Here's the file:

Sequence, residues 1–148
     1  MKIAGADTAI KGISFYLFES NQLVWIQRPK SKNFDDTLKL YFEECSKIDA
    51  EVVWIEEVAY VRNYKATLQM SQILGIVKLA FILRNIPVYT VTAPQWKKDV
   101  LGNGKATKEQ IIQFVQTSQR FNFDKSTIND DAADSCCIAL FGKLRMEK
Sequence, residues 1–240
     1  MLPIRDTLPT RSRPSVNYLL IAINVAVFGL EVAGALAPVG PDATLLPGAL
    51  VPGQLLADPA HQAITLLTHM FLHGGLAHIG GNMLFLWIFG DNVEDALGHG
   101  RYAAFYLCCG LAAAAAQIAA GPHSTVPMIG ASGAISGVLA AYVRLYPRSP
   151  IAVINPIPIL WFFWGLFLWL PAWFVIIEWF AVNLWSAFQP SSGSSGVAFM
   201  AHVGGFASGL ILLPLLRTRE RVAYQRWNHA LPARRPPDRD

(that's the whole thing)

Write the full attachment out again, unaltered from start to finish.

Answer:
Sequence, residues 1–148
     1  MKIAGADTAI KGISFYLFES NQLVWIQRPK SKNFDDTLKL YFEECSKIDA
    51  EVVWIEEVAY VRNYKATLQM SQILGIVKLA FILRNIPVYT VTAPQWKKDV
   101  LGNGKATKEQ IIQFVQTSQR FNFDKSTIND DAADSCCIAL FGKLRMEK
Sequence, residues 1–240
     1  MLPIRDTLPT RSRPSVNYLL IAINVAVFGL EVAGALAPVG PDATLLPGAL
    51  VPGQLLADPA HQAITLLTHM FLHGGLAHIG GNMLFLWIFG DNVEDALGHG
   101  RYAAFYLCCG LAAAAAQIAA GPHSTVPMIG ASGAISGVLA AYVRLYPRSP
   151  IAVINPIPIL WFFWGLFLWL PAWFVIIEWF AVNLWSAFQP SSGSSGVAFM
   201  AHVGGFASGL ILLPLLRTRE RVAYQRWNHA LPARRPPDRD